In the health paradox of the year, 52-year-old cardiologist John Warner, president of the American Heart Association (AHA), recently suffered a heart attack in the middle of a health conference.
In a statement, the association reported Warner was in stable condition after having a stent placed to open a blocked artery. Part of Warner’s speech at the Scientific Sessions conference in Anaheim, California, centered around his own family’s struggle with heart disease.
In an open letter to AHA president Warner, Dr. William Davis, a New York cardiologist and author of The New York Times best seller “Wheat Belly: Lose the Wheat, Lose the Weight, and Find Your Path Back to Health,” writes, in part:
“If you ignore the nonsense that AHA policy dictates, you can absolutely gain control over cardiovascular risk. But you will NOT find the answers in any AHA policy. I learned these lessons practicing as an interventional cardiologist, then abandoning this ridiculous way of managing coronary disease to devote my efforts to early detection and prevention.
So, I thought I would articulate some of these thoughts in an open letter to Dr. Warner as he recovers from his procedure … Dr. Warner — … There are a number of reasons why someone like you — deeply-entrenched in the conventional world of heart disease management and what passes for prevention — highlights the miserable failure that the modern coronary care paradigm represents:
1) We are trapped by the outdated but profitable lipid hypothesis … 2) We know from abundant data that small oxidation- and glycation-prone LDL particles are highly atherogenic … are potent triggers of the inflammation cascade … and are triggered to abundant degrees in some genotypes upon consumption of the amylopectin A of grains …
[Y]es, the food that the American Heart Association advises to fill the diet with — and sugars … I am hoping that, now that this disease has touched you personally, your eyes will be opened to the corrupt and absurd policies of conventional coronary care and the American Heart Association.”
Davis goes on to note that heart disease is a multifactorial problem that cannot be solved with a pill.
“Thinking that a statin drug … [is] sufficient to prevent coronary events is absurd and overly-simplistic, like thinking that taking Aricept for dementia will stop the disease — of course, it does no such thing,” he writes, adding, “There are no drugs to ‘treat’ many of the contributors to coronary atherogenesis. But there are many non-drug strategies to identify, then correct, such causes.”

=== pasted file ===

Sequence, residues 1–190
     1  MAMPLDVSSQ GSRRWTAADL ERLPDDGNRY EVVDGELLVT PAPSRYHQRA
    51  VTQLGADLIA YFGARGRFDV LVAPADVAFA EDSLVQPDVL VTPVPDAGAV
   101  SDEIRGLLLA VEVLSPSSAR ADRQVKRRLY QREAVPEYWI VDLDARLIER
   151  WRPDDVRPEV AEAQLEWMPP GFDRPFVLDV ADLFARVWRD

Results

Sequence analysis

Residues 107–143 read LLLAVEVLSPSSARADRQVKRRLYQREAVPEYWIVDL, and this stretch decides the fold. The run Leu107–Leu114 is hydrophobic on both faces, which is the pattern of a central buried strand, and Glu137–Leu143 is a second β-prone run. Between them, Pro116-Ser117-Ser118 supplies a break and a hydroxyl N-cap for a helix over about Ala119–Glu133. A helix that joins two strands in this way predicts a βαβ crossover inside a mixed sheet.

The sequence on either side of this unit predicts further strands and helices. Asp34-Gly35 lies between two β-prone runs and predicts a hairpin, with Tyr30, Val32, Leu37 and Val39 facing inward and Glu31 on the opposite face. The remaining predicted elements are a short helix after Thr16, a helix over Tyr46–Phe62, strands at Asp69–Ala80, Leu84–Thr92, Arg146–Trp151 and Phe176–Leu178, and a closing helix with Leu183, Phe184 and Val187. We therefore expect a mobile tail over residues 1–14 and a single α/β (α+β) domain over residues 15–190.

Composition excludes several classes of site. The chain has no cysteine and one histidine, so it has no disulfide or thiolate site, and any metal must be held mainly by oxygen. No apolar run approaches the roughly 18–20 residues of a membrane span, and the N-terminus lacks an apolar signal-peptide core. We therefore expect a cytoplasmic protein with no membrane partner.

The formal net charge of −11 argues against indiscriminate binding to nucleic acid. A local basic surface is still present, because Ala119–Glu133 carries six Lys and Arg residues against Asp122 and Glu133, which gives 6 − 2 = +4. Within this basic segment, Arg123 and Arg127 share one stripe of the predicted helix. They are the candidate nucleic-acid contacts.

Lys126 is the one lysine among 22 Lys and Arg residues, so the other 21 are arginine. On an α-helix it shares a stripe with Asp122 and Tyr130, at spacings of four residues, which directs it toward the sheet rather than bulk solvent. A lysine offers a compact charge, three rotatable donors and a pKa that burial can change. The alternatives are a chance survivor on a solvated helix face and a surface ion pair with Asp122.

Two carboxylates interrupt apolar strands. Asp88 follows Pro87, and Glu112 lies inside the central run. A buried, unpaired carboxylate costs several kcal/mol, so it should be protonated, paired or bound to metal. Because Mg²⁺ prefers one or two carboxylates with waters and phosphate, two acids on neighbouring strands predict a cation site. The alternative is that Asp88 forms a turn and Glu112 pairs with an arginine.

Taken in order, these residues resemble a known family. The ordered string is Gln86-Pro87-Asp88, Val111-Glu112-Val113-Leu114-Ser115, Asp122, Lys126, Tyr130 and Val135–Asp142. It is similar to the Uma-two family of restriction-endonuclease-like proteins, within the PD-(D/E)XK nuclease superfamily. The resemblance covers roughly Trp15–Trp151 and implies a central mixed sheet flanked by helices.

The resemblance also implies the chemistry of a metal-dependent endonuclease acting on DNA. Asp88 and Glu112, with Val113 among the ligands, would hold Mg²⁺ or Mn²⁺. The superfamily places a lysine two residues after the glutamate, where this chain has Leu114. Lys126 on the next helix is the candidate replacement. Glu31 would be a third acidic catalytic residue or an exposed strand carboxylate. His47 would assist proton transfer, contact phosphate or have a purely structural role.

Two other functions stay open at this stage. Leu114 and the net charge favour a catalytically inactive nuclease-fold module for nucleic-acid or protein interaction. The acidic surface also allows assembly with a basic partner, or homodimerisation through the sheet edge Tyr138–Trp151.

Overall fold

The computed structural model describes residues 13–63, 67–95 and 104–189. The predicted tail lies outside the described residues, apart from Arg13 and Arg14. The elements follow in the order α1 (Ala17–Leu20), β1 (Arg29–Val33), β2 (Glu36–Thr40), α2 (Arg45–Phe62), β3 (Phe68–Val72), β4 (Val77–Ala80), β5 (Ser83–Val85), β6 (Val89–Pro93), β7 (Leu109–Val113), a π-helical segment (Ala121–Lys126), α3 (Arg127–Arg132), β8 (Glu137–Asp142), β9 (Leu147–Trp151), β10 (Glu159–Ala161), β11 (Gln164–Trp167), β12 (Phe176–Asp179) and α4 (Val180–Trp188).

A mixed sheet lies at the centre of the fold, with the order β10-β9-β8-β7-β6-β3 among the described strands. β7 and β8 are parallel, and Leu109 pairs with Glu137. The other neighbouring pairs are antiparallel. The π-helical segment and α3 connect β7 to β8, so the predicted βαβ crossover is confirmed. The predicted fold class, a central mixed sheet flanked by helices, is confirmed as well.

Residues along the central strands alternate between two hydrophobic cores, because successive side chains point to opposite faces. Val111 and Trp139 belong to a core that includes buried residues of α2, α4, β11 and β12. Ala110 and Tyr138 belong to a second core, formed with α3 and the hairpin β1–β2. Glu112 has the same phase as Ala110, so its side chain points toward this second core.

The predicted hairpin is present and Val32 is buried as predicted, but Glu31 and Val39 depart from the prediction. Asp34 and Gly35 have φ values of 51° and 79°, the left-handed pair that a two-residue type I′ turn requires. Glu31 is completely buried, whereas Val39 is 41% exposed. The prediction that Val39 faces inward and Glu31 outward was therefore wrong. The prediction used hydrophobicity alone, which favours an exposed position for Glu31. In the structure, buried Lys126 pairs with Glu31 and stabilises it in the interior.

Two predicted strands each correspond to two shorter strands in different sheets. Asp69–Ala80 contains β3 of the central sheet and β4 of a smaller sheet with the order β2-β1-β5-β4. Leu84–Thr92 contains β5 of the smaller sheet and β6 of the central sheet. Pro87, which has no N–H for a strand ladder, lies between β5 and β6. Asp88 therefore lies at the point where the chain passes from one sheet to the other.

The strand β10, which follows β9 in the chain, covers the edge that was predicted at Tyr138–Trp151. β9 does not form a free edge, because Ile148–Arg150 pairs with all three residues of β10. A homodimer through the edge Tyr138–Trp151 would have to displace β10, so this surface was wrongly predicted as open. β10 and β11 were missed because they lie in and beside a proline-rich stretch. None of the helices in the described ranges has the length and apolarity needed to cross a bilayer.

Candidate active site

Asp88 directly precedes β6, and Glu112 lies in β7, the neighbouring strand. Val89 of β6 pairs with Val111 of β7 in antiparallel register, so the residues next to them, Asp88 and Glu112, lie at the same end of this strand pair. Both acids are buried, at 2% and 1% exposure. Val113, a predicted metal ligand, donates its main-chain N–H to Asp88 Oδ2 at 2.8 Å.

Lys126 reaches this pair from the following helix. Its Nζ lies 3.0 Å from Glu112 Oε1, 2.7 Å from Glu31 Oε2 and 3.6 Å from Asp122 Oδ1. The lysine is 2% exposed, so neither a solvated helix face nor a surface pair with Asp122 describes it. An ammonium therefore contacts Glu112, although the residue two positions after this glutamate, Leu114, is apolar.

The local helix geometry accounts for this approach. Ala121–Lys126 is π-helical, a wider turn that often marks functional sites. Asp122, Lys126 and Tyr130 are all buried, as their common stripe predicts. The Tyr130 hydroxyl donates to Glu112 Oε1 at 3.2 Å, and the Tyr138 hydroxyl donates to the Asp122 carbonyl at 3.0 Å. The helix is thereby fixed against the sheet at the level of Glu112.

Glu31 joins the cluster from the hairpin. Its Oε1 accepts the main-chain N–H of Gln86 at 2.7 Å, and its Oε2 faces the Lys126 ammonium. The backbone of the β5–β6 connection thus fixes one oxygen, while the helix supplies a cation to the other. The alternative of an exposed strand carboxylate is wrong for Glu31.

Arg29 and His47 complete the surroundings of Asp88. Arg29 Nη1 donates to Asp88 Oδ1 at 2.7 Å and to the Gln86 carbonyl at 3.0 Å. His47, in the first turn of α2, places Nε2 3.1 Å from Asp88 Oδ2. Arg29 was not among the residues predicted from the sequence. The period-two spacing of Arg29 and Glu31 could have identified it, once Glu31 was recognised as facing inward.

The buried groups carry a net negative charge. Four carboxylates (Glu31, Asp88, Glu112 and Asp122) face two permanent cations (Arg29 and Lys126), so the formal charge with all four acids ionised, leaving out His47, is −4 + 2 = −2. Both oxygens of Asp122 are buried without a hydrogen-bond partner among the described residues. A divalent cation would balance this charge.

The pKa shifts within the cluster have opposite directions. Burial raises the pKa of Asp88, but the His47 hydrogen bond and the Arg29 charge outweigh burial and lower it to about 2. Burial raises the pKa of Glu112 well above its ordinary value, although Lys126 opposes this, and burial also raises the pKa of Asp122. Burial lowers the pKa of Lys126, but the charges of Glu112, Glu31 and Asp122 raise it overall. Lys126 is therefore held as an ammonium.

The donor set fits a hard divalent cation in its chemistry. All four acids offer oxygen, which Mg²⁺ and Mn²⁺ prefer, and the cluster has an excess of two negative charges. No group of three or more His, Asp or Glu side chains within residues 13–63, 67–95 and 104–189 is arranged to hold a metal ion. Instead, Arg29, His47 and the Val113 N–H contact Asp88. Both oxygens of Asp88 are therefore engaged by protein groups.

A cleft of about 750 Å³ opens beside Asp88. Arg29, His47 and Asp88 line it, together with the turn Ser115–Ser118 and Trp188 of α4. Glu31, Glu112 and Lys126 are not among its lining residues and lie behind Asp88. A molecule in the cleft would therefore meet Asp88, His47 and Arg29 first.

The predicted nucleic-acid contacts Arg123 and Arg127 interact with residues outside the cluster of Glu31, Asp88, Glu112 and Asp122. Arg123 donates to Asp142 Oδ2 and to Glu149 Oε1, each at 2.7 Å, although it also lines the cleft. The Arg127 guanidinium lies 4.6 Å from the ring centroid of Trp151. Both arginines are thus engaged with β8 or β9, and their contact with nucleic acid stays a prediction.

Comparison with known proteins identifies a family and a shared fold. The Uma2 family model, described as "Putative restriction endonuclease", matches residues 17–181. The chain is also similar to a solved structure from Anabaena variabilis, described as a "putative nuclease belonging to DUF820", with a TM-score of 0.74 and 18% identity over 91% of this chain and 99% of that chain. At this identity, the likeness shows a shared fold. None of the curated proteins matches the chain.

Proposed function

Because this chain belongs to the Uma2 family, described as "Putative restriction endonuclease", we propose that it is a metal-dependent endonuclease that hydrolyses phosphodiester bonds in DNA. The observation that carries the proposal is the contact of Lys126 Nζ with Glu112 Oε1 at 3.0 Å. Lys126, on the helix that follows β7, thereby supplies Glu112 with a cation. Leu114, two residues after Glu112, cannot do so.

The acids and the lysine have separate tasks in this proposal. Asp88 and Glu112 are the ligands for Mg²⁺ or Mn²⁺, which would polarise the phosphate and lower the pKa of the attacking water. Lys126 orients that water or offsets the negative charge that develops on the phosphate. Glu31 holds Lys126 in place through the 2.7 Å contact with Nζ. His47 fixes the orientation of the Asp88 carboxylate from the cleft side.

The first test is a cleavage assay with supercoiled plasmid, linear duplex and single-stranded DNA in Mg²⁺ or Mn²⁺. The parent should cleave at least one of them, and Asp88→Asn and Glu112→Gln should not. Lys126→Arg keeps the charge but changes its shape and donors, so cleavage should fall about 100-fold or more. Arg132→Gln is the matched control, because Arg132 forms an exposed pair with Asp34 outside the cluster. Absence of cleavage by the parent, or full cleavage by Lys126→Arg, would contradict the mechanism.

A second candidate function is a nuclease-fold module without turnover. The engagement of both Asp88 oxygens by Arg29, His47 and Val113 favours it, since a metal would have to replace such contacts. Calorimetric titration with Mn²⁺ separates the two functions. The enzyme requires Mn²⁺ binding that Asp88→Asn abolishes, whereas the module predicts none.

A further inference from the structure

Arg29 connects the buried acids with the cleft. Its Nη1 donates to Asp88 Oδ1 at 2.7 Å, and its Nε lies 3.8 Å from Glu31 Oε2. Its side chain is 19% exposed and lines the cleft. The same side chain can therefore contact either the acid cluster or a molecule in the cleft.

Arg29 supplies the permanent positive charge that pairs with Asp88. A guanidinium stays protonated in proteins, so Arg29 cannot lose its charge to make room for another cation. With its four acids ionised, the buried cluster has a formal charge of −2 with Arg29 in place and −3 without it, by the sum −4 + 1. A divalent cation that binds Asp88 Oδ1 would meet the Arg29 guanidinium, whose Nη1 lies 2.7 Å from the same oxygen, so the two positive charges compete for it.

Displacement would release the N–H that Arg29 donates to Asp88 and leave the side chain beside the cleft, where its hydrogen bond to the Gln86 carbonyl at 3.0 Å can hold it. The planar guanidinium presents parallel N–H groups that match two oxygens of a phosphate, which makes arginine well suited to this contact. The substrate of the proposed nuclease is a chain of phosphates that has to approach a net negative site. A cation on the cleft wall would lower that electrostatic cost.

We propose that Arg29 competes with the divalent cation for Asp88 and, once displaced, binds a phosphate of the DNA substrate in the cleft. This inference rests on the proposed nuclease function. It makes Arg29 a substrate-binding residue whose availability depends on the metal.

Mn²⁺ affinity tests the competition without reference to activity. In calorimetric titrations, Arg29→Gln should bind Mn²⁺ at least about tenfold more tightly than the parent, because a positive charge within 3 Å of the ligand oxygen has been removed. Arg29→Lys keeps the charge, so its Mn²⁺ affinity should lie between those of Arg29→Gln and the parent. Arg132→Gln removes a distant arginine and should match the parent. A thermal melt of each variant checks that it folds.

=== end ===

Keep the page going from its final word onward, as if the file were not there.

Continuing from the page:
Nondrug prevention strategies suggested by Davis include:
• Avoiding any and all dietary factors that provoke insulin resistance, glycation and formation of small, dense LDL particles. Importantly, this would include avoiding the harmful fats recommended by the AHA such as margarine and processed vegetable oils, and keeping your total daily fructose consumption below 25 grams per day.
• Optimizing your vitamin D level.
• Optimizing your omega-3 fat intake: An omega-3 index of 10 percent or greater is associated with “dramatic reduction in cardiovascular events,” Davis notes. Indeed, a 2010 analysis25 found that while diets higher in omega-6 fats (found in ample amounts in vegetable oils) and lower in omega-3s increased the risk of nonfatal myocardial infarction and death from heart disease by 13 percent; a mixed diet of both omega-3 and omega-6 fats reduced these risks by 22 percent.
Meanwhile, the AHA recommends higher intakes of omega-6, saying26 “Aggregate data from randomized trials, case-control and cohort studies, and long-term animal feeding experiments indicate that the consumption of at least 5 percent to 10 percent of energy from omega-6 PUFAs reduces the risk of coronary heart disease relative to lower intakes.
The data also suggest that higher intakes appear to be safe and may be even more beneficial.” This statement runs counter to a large body of research suggesting the converse — specifically, that reducing omega-6 fats and increasing omega-3 is better for your heart.
• Addressing your thyroid function.
• Optimizing your gut microbiome to address dysbiosis caused by excess sugar, chlorinated and fluoridated water, and exposure to antibiotics, pesticides and common heartburn drugs.
That said, your heart health is really dependent on your diet — what you eat and when you eat. In my view, the best treatment for heart disease is to work your way up to an intermittent fasting schedule where you’re fasting for 20 hours a day. When you do eat, make sure you eat real food, and consider a cyclical ketogenic diet, high in healthy fats, low in net carbs with moderate protein.
Once you’re comfortable with this intermittent fasting schedule, start doing a monthly five-day water fast. This really is the most powerful metabolic intervention I know of, and I feel it’s one of the healthiest things I now do for my own health. Senescent cells, which have stopped replicating, play a distinct role in aging and disease. Once replication stops, these cells need to be removed from your body, or else they start clogging it up, causing severe inflammation and immune dysfunction.
Overall, heart health is important and prevention and self care is a big component of that. We are at a point now where the choices we make are dictating our outcome. Given that knowledge and proof, we need to be educated on all options for prevention. NrF2 reduces oxidative stress in the body by 40 percent in 30 days. The root cause of many chronic conditions is inflammation and oxidative stress. Check out the studies and research of NrF2 and Oxidative Stress in heart disease on Pubmed.gov. Click the videos to learn more on the page as well as Dr. Skip Campbell’s video on the Join page.